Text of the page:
Major offensive from a new owner: This is how Chelsea should restart without Abramovich

​Chelsea FC is an example of the sporting distortions caused by the Russia-Ukraine war.

Major offensive from a new owner: This is how Chelsea should restart without Abramovich

​Chelsea FC is an example of the sporting distortions caused by the Russia-Ukraine war. Club owner Abramovich is now history. The club has been struggling since the Russian businessman left. The new start will not be easy for the new owner.

It has been just a year since Chelsea last won the Champions League. The absolute highlight for every European football club. But after the zenith, the sporting crash quickly followed: out in the quarter-finals of the Champions League, third place in the league and, above all, the loss of club owner Roman Abramovich in March. The club has been struggling since the Russian businessman left, and although it has a new owner in Todd Boehly, it hardly finds any new players. Many top performers have even left the club because the economic situation was too uncertain for them. That should change now, however, according to media reports, Chelsea are planning a major offensive. The new owner has apparently taken out £800million in loans to get the club back on track.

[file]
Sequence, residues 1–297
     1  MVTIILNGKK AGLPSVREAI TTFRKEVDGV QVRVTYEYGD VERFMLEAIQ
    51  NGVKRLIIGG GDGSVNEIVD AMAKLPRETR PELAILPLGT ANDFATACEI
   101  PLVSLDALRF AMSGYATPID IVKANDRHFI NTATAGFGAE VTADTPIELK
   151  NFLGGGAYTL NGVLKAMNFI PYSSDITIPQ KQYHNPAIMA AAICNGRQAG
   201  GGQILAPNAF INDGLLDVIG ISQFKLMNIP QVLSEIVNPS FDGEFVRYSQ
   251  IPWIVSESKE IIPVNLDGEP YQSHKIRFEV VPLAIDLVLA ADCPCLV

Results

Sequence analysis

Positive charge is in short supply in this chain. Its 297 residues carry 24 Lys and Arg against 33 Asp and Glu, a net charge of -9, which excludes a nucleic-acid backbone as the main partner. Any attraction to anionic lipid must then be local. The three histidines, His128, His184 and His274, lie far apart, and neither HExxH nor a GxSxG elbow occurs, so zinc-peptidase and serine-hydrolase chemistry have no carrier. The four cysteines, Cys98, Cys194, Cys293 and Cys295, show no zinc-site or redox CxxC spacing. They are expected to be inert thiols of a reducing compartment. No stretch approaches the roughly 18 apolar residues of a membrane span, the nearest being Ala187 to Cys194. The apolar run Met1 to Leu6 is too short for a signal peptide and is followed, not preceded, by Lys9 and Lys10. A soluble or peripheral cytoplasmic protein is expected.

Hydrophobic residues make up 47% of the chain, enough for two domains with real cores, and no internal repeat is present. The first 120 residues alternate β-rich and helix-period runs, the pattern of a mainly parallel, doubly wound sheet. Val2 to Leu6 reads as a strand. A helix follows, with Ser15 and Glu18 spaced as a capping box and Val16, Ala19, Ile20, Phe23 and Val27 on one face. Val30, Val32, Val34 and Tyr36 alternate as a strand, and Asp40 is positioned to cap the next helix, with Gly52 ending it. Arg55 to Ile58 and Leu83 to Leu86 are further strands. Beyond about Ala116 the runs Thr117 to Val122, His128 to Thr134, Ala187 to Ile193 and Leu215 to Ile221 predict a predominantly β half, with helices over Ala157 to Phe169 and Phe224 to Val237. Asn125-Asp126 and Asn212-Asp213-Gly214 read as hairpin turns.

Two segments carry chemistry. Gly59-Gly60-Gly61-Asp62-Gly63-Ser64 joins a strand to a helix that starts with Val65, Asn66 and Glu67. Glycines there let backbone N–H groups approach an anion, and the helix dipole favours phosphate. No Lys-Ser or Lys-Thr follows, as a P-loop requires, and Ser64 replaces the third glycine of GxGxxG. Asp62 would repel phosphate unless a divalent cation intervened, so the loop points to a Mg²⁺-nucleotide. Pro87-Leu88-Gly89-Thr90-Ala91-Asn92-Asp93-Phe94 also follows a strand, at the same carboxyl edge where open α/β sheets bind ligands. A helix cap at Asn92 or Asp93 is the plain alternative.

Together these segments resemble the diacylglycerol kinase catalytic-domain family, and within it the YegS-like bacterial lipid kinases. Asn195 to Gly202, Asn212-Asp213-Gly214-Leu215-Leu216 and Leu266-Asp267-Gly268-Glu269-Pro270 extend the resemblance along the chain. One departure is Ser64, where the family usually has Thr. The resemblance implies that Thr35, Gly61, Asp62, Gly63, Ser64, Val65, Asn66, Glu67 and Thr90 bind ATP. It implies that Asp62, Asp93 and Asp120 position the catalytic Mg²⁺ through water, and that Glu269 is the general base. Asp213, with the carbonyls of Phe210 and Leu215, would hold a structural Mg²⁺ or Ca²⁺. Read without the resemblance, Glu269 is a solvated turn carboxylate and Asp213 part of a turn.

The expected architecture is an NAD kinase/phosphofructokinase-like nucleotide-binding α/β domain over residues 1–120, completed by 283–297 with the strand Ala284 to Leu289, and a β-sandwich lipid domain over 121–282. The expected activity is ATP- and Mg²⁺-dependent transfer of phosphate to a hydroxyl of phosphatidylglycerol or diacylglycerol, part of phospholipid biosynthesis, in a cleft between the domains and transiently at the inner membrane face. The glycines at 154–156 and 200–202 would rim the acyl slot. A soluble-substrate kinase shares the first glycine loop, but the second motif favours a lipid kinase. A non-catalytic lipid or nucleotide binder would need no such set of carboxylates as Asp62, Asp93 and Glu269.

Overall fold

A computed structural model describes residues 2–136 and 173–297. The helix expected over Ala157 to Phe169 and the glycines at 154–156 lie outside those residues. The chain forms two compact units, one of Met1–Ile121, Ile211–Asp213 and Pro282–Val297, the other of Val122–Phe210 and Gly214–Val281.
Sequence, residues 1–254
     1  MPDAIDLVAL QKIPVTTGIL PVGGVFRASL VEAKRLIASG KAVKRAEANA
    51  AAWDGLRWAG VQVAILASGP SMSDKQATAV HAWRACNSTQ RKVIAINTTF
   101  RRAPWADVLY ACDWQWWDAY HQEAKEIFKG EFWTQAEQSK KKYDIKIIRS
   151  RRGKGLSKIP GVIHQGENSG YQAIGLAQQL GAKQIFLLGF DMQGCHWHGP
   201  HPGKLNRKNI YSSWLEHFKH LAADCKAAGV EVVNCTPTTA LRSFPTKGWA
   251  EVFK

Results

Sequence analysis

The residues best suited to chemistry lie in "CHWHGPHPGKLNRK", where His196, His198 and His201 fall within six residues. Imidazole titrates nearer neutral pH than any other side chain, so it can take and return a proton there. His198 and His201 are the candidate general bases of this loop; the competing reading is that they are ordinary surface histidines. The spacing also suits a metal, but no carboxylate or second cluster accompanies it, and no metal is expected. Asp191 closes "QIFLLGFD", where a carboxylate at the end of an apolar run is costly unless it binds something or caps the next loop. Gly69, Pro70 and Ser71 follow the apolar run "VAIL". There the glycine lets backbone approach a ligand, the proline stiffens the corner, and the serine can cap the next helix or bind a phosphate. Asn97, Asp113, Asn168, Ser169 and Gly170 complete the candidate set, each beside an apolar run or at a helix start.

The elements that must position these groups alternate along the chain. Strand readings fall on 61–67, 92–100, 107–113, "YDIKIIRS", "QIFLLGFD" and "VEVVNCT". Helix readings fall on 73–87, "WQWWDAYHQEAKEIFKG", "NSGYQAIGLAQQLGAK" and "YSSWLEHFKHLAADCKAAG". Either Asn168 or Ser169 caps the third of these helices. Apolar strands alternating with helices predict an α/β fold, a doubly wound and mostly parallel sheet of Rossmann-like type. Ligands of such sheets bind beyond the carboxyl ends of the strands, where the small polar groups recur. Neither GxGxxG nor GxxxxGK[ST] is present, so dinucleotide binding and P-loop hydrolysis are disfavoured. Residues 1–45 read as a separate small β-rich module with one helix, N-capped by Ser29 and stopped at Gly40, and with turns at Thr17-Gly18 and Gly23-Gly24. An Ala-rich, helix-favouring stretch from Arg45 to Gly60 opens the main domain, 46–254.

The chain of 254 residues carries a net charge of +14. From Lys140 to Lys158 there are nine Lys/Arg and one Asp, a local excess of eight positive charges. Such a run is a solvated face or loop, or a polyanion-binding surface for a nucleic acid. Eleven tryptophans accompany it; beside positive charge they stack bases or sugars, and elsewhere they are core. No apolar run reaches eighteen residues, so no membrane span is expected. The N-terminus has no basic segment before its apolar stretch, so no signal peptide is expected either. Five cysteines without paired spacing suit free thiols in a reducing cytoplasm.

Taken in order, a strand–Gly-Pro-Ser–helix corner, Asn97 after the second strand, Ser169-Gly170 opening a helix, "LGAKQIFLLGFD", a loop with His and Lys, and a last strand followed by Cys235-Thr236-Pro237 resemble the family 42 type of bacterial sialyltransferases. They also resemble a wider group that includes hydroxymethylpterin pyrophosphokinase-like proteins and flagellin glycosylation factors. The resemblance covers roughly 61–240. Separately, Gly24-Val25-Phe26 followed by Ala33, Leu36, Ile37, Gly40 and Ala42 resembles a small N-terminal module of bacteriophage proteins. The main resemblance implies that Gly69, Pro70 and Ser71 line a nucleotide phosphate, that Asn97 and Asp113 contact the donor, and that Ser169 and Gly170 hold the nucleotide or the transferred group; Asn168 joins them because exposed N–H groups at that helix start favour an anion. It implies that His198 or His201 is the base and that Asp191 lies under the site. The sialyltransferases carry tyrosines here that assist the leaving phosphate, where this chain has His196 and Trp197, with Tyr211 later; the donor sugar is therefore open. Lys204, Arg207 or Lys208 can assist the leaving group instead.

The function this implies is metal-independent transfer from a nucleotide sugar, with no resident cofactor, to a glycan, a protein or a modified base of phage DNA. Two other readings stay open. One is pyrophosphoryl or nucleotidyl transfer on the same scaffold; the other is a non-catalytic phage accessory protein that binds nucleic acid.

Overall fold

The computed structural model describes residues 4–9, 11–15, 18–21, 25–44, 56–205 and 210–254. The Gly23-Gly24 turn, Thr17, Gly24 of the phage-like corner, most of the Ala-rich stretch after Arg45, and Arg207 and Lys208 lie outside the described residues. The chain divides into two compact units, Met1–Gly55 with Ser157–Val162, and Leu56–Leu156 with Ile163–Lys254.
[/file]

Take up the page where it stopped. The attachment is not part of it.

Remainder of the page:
Chelsea is probably the most prominent example of the sporting distortions caused by the Russia-Ukraine war. As a result of the attack, the West sanctioned numerous Russian oligarchs, including club owner Roman Abramovich. Ultimately, the Russian was given a choice: either he gives up his shares in the club, or the club does not receive a license for the new season. Apparently, Abramovich first tried a trick by handing over the administration to his foundation. But the attempt failed. A few days later, the 56-year-old bowed to the sanctions and promised to donate the proceeds from the sale to war victims.

The club was bought in May by a group led by the US investor Todd Boehly, who also holds shares in the US baseball team LA Dodgers and the basketball team Los Angeles Lakers, and the Clearlake Capital Group. She invested almost £2.5 billion in the acquisition. She also pledged to invest a further £1.75billion in the club.

In terms of sport, however, this has so far brought little reassurance. The "Blues" have only signed two external newcomers so far, but they are faced with seven top-class departures such as Romelu Lukaku, Antonio Rüdiger and Andreas Christensen. Almost the entire central defense has said goodbye. The German national player Rüdiger in particular repeatedly complained about the insecurity at the London club and finally left for Real Madrid. "The club and I gave everything, but we couldn't keep fighting because of the sanctions," said his German coach Thomas Tuchel, who sees a competitive disadvantage. As long as the sale was not in the towel, the club lacked the liquidity for transfers. Top players hesitated or canceled immediately.